- Store your gin in the freezer (Dave recommends Tanqueray; we like Dripping Springs) along with glassware, and chill a bottle of fresh tonic water in ice water. Quarter a lime.
- Use a jigger to add 1¾ ounces of gin to a frosty glass. Tilt the glass 45 degrees and slowly add 3¼ ounces of tonic. As you pour, gradually raise the glass to vertical.
- Add freezer-cold ice (not tempered), but don’t chunk it like a Neanderthal—gently slide it in using a barspoon.
- Ease a lime quarter into the glass, leaving the bubbles undisturbed.
- Final step: bottoms up.
A decade ago, this Portland, Oregon–based pizzeria decided to create soda pairings to complement their pies. They refurbished a 1960s bottling machine and got to work, using fresh produce like organic Hawaiian ginger, California lemons, and Oregon-grown marionberries. An army of devoted fans soon followed. Last summer, Hotlips joined with three Pacific Northwest breweries to produce limited-edition radlers, a trendy soda-beer hybrid. Expect more collaborations in the coming year.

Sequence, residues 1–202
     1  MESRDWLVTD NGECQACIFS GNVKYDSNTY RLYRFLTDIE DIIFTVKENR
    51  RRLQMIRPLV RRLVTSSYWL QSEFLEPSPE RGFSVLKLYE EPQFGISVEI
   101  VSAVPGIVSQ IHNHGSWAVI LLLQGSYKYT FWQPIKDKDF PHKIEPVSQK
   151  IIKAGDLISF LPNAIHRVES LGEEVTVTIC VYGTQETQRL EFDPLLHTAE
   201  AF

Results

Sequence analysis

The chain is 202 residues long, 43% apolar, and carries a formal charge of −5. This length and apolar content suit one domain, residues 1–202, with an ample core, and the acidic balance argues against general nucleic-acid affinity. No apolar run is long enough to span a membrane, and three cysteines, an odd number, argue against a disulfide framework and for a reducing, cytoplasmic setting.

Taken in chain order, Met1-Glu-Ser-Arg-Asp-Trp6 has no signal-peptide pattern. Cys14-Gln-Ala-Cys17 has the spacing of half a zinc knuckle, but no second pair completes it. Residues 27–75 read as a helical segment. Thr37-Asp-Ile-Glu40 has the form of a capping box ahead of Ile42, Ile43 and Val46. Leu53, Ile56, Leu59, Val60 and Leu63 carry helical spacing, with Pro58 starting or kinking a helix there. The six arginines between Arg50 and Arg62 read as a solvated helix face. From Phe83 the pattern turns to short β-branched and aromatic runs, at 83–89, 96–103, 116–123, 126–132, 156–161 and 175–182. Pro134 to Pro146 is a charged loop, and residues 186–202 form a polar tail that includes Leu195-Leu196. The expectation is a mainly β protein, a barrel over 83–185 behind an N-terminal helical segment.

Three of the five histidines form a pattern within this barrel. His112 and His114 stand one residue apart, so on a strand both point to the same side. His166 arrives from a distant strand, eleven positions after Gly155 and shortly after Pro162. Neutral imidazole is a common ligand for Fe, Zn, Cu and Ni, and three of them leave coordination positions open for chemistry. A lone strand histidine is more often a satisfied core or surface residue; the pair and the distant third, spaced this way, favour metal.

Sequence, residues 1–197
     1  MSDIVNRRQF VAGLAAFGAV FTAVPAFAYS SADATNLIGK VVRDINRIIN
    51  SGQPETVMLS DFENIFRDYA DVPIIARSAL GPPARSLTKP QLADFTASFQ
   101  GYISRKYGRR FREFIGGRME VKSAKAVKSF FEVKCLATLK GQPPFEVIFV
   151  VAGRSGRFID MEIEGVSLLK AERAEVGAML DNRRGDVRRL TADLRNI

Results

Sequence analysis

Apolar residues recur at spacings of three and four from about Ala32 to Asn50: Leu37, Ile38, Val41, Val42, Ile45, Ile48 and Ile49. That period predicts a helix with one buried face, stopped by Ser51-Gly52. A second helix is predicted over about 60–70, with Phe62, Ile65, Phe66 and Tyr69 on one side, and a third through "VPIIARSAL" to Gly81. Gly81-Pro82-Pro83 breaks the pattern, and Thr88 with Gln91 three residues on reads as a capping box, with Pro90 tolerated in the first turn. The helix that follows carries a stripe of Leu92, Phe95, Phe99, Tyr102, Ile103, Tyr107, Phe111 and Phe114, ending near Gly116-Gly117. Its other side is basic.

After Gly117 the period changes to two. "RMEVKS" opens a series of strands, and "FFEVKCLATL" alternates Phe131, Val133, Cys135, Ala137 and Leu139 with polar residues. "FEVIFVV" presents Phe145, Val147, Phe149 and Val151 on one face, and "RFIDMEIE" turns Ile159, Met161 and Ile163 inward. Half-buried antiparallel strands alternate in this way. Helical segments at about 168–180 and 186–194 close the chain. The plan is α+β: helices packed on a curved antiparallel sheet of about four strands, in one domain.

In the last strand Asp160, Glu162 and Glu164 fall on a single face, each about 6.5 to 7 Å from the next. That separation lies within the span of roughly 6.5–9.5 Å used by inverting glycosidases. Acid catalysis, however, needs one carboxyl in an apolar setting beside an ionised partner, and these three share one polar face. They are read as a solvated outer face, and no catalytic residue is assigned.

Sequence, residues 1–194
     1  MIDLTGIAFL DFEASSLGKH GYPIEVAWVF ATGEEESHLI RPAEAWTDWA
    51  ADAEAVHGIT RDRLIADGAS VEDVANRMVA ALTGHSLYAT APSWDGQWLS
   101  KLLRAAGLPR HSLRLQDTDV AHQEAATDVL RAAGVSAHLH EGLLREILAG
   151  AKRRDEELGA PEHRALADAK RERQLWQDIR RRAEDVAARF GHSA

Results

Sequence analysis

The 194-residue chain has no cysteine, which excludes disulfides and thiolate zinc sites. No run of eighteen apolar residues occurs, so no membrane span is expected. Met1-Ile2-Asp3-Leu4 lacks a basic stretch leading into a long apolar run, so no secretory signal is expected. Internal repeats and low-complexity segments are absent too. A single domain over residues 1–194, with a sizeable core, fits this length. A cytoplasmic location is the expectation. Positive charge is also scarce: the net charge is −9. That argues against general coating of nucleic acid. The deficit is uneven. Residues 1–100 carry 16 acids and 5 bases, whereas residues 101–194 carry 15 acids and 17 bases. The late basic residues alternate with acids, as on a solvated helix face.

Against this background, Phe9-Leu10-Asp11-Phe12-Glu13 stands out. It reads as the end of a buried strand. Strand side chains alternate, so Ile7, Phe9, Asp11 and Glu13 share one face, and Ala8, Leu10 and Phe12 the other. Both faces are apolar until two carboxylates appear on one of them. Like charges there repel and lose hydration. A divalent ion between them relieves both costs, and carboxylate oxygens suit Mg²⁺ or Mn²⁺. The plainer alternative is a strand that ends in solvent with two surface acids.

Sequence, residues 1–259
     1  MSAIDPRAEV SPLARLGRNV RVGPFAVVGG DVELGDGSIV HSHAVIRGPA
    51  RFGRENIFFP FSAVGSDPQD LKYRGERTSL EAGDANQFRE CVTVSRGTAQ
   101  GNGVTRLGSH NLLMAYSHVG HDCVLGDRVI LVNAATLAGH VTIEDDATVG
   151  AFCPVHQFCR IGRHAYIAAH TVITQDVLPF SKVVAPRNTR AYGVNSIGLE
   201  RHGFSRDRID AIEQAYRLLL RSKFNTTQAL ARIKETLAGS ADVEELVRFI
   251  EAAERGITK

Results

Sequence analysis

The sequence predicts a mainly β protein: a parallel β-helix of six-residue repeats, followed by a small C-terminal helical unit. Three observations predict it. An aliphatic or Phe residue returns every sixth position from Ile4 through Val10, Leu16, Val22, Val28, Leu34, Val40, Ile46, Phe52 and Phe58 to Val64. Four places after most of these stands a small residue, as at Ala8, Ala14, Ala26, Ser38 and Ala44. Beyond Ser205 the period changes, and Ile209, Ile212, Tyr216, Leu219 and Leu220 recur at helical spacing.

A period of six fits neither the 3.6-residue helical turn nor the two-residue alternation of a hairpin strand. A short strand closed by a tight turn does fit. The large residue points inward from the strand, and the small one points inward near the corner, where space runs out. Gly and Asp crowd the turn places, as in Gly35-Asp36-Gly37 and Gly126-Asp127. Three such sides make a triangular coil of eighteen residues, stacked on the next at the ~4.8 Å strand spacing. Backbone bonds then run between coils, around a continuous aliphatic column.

Test this recipe from one of Houston’s best. Bobby Heugel, owner of The Pastry War, Anvil Bar & Refuge, Julep, and other H-Town joints, offers his spin on a winter bourbon and a warm toddy to savor it with. (Don’t have five days? Try Deep Eddy Cranberry Vodka for another spin on infused spirits.)
Jack and Coke
We asked the brilliant minds behind Dallas’ Bolsa to reboot this old-school standby and give it a fresh twist. Try it at home and tell us how it turned out by tweeting @SouthwestTheMag.
- Fill large silicone ice-cube trays ⅔ full with Coca-Cola; freeze. Add a frozen cube to an Old Fashioned glass.
- Pour 1½ or 2 ounces of your favorite whiskey (Jack Daniel’s or Bolsa’s pick, Woodford Reserve) over the cube.
- Add 1 ounce Coke to a cocktail shaker along with 1 teaspoon of methyl cellulose, used by chefs and bartenders to make foams (available online). Vigorously stir, and then add another splash of soda. Once the foam stabilizes, scoop it over the drink.
This Belgian-style brew is finally garnering some much-deserved attention in the U.S. Made by fermenting tart cherries with lambic varietals of beer, it’s worthy of a sojourn. Hop the ferry to Nantucket Island in Massachusetts for a taste of Cisco Brewers’ Monomoy Kriek. Or pull up a barstool at Cascade Brewing Barrel House in Portland, Oregon, for its offering, aged in oak wine barrels. Once you’re converted, make room in your suitcase for one of Cascade’s aged krieks—a 750-milliliter 2008 bottle goes for $60.